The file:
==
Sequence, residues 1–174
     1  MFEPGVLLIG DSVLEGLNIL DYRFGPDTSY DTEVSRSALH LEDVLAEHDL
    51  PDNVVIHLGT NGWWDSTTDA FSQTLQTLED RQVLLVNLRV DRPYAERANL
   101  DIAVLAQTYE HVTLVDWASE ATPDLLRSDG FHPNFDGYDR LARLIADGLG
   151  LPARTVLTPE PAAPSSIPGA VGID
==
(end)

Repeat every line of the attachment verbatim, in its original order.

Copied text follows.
Sequence, residues 1–174
     1  MFEPGVLLIG DSVLEGLNIL DYRFGPDTSY DTEVSRSALH LEDVLAEHDL
    51  PDNVVIHLGT NGWWDSTTDA FSQTLQTLED RQVLLVNLRV DRPYAERANL
   101  DIAVLAQTYE HVTLVDWASE ATPDLLRSDG FHPNFDGYDR LARLIADGLG
   151  LPARTVLTPE PAAPSSIPGA VGID